More generally, people who want us to drop the public option right now have almost no sense of the politics of this fight. If the public option is dropped, the $1.4 million/day worth of lobbyists aren't going to pack their bags and go home. They are going to turn their attention to the exchanges and the regulatory changes. And they will weaken if not completely ruin them, especially as dropping the public option will cost the Democrats their most dedicated activists and embolden opponents of reform. The further out you draw the line, the better the eventual bill will be. That dynamic typified the immigration fight, where ea ch compromise offered to mollify conservative objections only weakened the actual prospects for passage. EFCA was much the same.
> On Fri, Aug 28, 2009 at 10:09 PM, Joe Klein <joe_kl...@timemagazine.com>
You actually believe polls about issues? On what basis? You think the public actually wants a public option...maybe what they really don’t want is a government takeover of health care. Or maybe both. Or maybe—no, this is actually the truth: they don’t know what the fuck they want. Maybe—no, again, the truth: they don’t have the time or interest to figure what any of this means. And they are one good negative 20-second spot away from being demagogued up the wazoo on this issue when the actual election begins. What you have here is a 40% African-American district in the south. I have spent the last 30 years watching these districts turn Republican—almost always the same way. A black candidate primaries a white moderate and wins, because the black vote is maybe 70% of the Democratic electorate, then loses in the general 55-45. I have seen this happen dozens of times.
If you have a white Democrat who is voting like a Republican—Billy Tauzin, for example—I don’t really care if he goes down, though I’d prefer a Democr atic conservative to a Republican if it means that Dems keep control of the House. But Jim Cooper isn’t remotely like a Republican. He is thoughtful on a range of issues. He is in favor of insurance reform, expansion of coverage and robust exchanges. That’s good enough for me.
And XXXX—I don’t mind litmus tests if they mean something. I would say that an unwillingness to vote for insurance reform would be an absolute, drop dead meaningful litmus test...and an unwillingness to expand coverage is another. But a public option is peripheral, especially if we have exchanges.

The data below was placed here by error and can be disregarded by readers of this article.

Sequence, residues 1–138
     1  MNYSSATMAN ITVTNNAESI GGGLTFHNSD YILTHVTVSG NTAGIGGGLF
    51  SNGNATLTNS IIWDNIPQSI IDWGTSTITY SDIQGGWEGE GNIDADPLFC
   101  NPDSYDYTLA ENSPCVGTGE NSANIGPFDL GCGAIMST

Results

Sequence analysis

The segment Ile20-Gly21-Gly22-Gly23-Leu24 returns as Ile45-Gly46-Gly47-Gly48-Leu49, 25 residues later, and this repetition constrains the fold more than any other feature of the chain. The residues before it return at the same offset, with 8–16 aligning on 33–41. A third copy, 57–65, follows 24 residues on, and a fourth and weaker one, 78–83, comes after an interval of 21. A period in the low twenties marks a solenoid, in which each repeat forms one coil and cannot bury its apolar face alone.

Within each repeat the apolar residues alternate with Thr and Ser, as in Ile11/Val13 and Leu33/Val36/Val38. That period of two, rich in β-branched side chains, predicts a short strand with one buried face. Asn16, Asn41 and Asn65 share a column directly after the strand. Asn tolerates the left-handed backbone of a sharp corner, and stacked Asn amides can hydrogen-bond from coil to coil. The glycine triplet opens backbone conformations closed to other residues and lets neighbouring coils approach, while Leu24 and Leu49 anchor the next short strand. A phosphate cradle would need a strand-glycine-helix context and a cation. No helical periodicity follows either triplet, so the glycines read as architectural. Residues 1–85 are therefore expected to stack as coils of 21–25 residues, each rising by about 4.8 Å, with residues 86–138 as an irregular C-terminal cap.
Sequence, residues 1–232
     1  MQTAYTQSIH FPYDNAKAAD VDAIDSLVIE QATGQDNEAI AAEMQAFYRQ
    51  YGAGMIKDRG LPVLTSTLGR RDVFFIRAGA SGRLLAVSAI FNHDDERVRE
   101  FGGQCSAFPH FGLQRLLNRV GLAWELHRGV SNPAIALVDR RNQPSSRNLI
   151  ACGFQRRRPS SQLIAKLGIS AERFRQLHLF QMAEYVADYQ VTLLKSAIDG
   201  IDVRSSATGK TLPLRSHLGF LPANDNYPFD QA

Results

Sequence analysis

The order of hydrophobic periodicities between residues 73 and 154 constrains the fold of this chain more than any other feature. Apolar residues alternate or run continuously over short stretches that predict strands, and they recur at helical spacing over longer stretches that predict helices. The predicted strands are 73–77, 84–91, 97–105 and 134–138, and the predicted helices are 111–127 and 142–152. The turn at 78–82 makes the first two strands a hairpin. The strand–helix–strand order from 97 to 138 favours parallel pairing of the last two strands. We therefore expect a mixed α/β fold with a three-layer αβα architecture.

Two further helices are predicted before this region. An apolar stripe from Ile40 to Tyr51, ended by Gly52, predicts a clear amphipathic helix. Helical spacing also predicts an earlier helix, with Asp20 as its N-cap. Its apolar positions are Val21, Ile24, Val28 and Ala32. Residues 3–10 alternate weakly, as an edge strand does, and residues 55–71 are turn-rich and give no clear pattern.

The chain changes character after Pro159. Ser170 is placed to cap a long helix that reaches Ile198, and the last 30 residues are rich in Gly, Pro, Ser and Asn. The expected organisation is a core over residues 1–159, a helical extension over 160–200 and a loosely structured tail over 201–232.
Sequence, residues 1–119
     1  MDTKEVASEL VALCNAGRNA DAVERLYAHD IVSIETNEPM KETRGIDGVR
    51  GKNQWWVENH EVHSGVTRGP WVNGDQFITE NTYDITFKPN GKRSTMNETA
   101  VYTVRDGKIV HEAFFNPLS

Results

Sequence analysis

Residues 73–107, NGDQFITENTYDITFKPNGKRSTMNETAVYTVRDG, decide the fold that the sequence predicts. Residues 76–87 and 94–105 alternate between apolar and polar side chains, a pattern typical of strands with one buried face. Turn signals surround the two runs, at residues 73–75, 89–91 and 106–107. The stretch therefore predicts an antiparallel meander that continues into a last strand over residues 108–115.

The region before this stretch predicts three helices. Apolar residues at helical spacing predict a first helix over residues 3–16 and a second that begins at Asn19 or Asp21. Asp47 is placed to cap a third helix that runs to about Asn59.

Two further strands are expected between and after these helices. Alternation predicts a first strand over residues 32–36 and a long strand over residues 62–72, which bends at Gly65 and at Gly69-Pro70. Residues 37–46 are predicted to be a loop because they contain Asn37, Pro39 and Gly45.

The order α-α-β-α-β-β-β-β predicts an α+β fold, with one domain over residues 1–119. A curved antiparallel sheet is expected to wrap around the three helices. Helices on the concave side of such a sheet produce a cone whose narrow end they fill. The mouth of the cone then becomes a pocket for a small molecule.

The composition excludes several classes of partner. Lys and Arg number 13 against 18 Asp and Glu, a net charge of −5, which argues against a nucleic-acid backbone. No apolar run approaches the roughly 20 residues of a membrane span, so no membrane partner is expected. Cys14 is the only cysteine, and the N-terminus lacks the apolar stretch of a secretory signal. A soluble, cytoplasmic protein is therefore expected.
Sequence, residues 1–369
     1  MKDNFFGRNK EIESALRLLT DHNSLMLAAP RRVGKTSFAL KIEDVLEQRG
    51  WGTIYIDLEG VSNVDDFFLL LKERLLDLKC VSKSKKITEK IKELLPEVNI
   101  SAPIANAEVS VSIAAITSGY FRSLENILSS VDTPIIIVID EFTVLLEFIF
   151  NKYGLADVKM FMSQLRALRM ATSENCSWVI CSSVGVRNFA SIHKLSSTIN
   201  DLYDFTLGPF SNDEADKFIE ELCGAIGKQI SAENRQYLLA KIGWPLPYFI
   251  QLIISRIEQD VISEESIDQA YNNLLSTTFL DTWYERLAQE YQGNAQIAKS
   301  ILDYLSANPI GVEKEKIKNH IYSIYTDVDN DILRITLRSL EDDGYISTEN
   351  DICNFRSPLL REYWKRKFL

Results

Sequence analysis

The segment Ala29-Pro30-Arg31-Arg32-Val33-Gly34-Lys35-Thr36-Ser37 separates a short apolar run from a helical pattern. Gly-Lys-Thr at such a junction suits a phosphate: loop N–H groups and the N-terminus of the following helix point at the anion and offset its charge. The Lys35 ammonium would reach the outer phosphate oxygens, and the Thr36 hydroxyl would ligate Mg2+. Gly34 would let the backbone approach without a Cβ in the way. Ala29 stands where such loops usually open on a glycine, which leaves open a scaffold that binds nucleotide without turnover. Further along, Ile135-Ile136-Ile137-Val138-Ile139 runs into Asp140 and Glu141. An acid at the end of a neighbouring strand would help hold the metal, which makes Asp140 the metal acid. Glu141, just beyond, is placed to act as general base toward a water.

Ultimately, a public option might be a nice test—especially if the exchanges and insurance reforms haven’t brought the private insurers into line. But you look at the way legislation happens in a mature democracy and it doesn’t happen all at once—usually it doesn’t happen at all. We have a chance to make major progress this year on health care reform (I’d bet that we will, in fact.) But I’d hate to see the Democrats blow that chance for a third time in my working life by insisting on a peripheral provision that the opposition can easily demagogue. I’d like to see the public option dropped right now, to make life easier for all those moderates who might vote no if it is included. I don’t want to give the nervous nellies a chance to turn against Right Now in front of some town hall audience packed with wingnuts, especially since the final bill, undoubtedly, will not include a public option.
I’ve spent a lifetime watching Democrats eat their own. In the past, I’ve sometimes been one of the cannibals. I regret that as much as Ted Kennedy went to his grave regretting that he didn’t make a universal health care deal with Richard Nixon. At this point, the Republicans are down to an obnoxious purist sliver. I’d like things to stay that way. Things will not if Democratic purists and self-righteous political naifs like Greenwald successfully challenge moderate Democrats who have won in districts that could easily go Republican.
> On 8/28/09 12:50 PM, XXXXXXXXX wrote:
That seems a fairly wide departure from your initial argument, that Democratic activists have to accept "having Democratic moderate in district that would otherwise be represented by lockstep Republicans." You may like